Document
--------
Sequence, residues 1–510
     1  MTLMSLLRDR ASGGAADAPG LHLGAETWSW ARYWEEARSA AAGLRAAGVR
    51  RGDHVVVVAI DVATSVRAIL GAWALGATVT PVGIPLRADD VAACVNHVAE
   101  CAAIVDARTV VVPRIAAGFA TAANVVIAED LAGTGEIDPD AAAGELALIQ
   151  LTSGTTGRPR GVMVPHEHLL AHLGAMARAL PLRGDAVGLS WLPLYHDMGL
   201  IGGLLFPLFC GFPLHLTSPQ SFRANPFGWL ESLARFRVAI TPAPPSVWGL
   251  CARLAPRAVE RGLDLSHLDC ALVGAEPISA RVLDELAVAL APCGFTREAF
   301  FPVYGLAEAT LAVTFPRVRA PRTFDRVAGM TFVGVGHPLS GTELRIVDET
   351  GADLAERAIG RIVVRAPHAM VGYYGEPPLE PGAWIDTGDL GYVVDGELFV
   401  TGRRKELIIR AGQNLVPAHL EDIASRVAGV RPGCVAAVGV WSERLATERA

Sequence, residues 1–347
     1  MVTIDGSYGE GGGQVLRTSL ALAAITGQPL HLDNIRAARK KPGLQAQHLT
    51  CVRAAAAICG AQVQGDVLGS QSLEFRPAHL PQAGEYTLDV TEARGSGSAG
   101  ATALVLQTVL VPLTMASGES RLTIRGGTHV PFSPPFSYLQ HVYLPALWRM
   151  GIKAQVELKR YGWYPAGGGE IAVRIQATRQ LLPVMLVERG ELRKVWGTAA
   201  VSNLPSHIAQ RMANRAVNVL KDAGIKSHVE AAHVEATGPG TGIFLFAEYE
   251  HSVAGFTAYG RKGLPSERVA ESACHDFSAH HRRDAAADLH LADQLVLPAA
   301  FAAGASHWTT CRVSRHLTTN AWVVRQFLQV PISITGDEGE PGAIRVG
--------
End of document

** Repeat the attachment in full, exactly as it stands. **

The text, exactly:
Sequence, residues 1–510
     1  MTLMSLLRDR ASGGAADAPG LHLGAETWSW ARYWEEARSA AAGLRAAGVR
    51  RGDHVVVVAI DVATSVRAIL GAWALGATVT PVGIPLRADD VAACVNHVAE
   101  CAAIVDARTV VVPRIAAGFA TAANVVIAED LAGTGEIDPD AAAGELALIQ
   151  LTSGTTGRPR GVMVPHEHLL AHLGAMARAL PLRGDAVGLS WLPLYHDMGL
   201  IGGLLFPLFC GFPLHLTSPQ SFRANPFGWL ESLARFRVAI TPAPPSVWGL
   251  CARLAPRAVE RGLDLSHLDC ALVGAEPISA RVLDELAVAL APCGFTREAF
   301  FPVYGLAEAT LAVTFPRVRA PRTFDRVAGM TFVGVGHPLS GTELRIVDET
   351  GADLAERAIG RIVVRAPHAM VGYYGEPPLE PGAWIDTGDL GYVVDGELFV
   401  TGRRKELIIR AGQNLVPAHL EDIASRVAGV RPGCVAAVGV WSERLATERA

Sequence, residues 1–347
     1  MVTIDGSYGE GGGQVLRTSL ALAAITGQPL HLDNIRAARK KPGLQAQHLT
    51  CVRAAAAICG AQVQGDVLGS QSLEFRPAHL PQAGEYTLDV TEARGSGSAG
   101  ATALVLQTVL VPLTMASGES RLTIRGGTHV PFSPPFSYLQ HVYLPALWRM
   151  GIKAQVELKR YGWYPAGGGE IAVRIQATRQ LLPVMLVERG ELRKVWGTAA
   201  VSNLPSHIAQ RMANRAVNVL KDAGIKSHVE AAHVEATGPG TGIFLFAEYE
   251  HSVAGFTAYG RKGLPSERVA ESACHDFSAH HRRDAAADLH LADQLVLPAA
   301  FAAGASHWTT CRVSRHLTTN AWVVRQFLQV PISITGDEGE PGAIRVG